We are aware that there are concerns about the current proposed Crossrail 2 station at King’s Road. There have been a number of claims made about it, which we know to be misleading or incorrect. So we asked Transport for London (TfL), as promoters of the Crossrail 2 scheme, to answer the following questions.
The proposed Crossrail 2 station at King’s Road would be underground. Platforms would be up to 250m in length as they will be for Crossrail 1. Above ground, it’s expected the station footprint would be contained within the areas of surface interest, as defined in the 2014 safeguarding consultation material.
We are still undertaking a detailed assessment about the number of people who would exit a Crossrail 2 station at Kings Road but initial forecasts suggest that around 5,000 people per hour would use the station (two-way) during the peak hours of 7.00 am and 10.00 am. This peak hour usage is comparable to that of Sloane Square Tube station.
Should Crossrail 2 go ahead, the tunnels would be constructed using a tunnel boring machine, with a specification similar to that of Crossrail 1. The stations would be built by excavating the required spaces and lining these with sprayed concrete, in exactly the same way used by Crossrail 1 at Bond Street and other locations. In our experience of building tunnels, modern construction techniques do not result in buildings being affected by ground movement. Crossrail 1 also used a technique called 'compensation grouting' which minimized the effects of ground movement at certain locations.
A small number of buildings may be required in order to construct a Crossrail 2 station at Kings Road. These have been identified in the safeguarding directions that were issued in March 2015. In all cases, we will seek to minimize the number of buildings used, and will use construction methods which minimize disruption to local residents and businesses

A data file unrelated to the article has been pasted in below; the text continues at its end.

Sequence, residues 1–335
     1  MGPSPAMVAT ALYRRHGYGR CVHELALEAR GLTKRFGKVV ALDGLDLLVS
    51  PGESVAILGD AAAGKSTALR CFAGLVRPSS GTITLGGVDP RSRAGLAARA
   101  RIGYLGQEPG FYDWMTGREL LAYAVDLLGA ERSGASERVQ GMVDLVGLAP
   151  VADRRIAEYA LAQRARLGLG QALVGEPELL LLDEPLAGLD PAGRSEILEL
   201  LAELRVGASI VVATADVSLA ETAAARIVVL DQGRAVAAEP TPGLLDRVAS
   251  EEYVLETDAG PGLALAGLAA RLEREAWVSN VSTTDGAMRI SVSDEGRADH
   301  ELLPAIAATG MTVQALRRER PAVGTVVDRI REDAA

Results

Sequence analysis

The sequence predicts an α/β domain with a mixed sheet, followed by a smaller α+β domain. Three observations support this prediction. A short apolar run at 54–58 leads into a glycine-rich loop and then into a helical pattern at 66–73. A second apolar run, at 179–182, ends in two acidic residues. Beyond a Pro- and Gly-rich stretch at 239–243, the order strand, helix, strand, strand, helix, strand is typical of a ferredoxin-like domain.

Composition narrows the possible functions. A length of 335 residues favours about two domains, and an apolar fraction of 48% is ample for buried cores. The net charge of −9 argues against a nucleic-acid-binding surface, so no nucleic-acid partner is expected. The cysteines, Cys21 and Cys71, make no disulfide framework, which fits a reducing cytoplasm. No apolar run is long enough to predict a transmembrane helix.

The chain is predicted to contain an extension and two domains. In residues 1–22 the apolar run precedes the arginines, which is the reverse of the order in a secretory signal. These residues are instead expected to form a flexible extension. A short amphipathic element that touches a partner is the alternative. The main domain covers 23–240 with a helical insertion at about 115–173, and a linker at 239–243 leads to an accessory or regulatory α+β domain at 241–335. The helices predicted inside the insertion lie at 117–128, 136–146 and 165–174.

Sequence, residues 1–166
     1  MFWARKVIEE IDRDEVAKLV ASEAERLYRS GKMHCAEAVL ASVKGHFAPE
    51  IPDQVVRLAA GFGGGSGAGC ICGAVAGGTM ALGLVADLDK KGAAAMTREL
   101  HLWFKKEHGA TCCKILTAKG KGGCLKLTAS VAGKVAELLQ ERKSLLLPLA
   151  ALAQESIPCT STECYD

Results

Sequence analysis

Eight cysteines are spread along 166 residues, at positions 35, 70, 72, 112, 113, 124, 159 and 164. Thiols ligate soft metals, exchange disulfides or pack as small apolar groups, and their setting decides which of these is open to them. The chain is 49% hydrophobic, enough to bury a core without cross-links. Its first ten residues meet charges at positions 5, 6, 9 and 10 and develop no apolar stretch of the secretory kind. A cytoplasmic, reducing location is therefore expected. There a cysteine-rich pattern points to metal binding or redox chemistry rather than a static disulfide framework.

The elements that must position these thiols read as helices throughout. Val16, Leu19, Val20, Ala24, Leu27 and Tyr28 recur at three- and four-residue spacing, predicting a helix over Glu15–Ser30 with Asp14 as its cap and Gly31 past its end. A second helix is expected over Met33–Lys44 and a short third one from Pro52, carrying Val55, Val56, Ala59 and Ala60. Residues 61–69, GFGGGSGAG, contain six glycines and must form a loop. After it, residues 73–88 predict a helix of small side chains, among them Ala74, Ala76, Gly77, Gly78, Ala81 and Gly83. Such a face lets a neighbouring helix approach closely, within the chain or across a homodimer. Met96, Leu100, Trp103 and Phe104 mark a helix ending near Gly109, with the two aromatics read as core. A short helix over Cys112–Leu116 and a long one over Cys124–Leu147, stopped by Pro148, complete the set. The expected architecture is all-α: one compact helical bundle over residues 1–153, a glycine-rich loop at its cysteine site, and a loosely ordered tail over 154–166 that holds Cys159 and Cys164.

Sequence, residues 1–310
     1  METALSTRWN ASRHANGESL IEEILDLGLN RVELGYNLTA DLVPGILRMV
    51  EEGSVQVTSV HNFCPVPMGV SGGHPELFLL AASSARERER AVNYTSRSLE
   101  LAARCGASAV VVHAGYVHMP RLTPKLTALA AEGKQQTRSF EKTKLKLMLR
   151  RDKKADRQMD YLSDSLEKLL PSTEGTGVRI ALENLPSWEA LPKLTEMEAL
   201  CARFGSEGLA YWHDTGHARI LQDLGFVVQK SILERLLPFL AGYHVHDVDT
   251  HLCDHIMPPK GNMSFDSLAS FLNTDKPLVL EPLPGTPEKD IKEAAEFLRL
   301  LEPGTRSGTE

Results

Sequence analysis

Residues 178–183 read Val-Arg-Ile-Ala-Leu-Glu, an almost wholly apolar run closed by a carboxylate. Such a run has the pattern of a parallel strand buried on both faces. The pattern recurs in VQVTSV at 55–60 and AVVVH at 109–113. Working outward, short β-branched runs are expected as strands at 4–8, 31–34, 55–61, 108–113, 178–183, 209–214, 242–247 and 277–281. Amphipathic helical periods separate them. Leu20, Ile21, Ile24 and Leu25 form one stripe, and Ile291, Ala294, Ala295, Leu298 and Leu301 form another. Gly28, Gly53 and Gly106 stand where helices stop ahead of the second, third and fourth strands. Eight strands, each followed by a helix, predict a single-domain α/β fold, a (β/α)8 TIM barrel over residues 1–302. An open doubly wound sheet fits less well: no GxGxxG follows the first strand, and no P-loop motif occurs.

The District line is approximately 5-10 metres below the surface. The Crossrail 2 tunnel will be significantly deeper than the District Line.
We have held two major consultations on Crossrail 2 to date, in addition to the Department for Transport’s safeguarding consultation. The first was in summer 2013 on the principle of a scheme, and the second was in summer 2014 where we consulted on specific route options along three parts of the route.
The next public consultation is planned for later this year, following engineering work to refine our proposals. This consultation will provide more information about our preferred route and proposed locations of stations, vent shafts and work sites along the route.
Ahead of this, we will be undertaking a programme of engagement with residents and businesses along the route to provide an update on the project and a forum to better understand local community concerns.
As we are in the very early stages of developing Crossrail 2, we have not established detailed construction plans for each Crossrail 2 station. More detailed plans will be shared for public consultation when the design has been further developed.
It is not the case that 50% of the scheme costs would be funded through development: the actual figure is expected to be under two per cent. Some stations will facilitate more development than others, according to local circumstances.
Journeys which currently take 30 minutes or more would be reduced to less than 10 minutes.
For example, a journey to:
- Euston St Pancras would be reduced from 33 minutes to around 9 minutes
- Tottenham Court Road would be reduced from 33 minutes to around 6 minutes
- Clapham Junction would be reduced from 32 minutes to around 3 minutes.
Nearly 6 sq km of Royal Borough of Kensington and Chelsea is currently more than 800 metres from a Tube station (approximately a ten minute walk). A Crossrail station at Kings Road would ensure that all residents of Chelsea have improved access to London’s Tube and rail networks.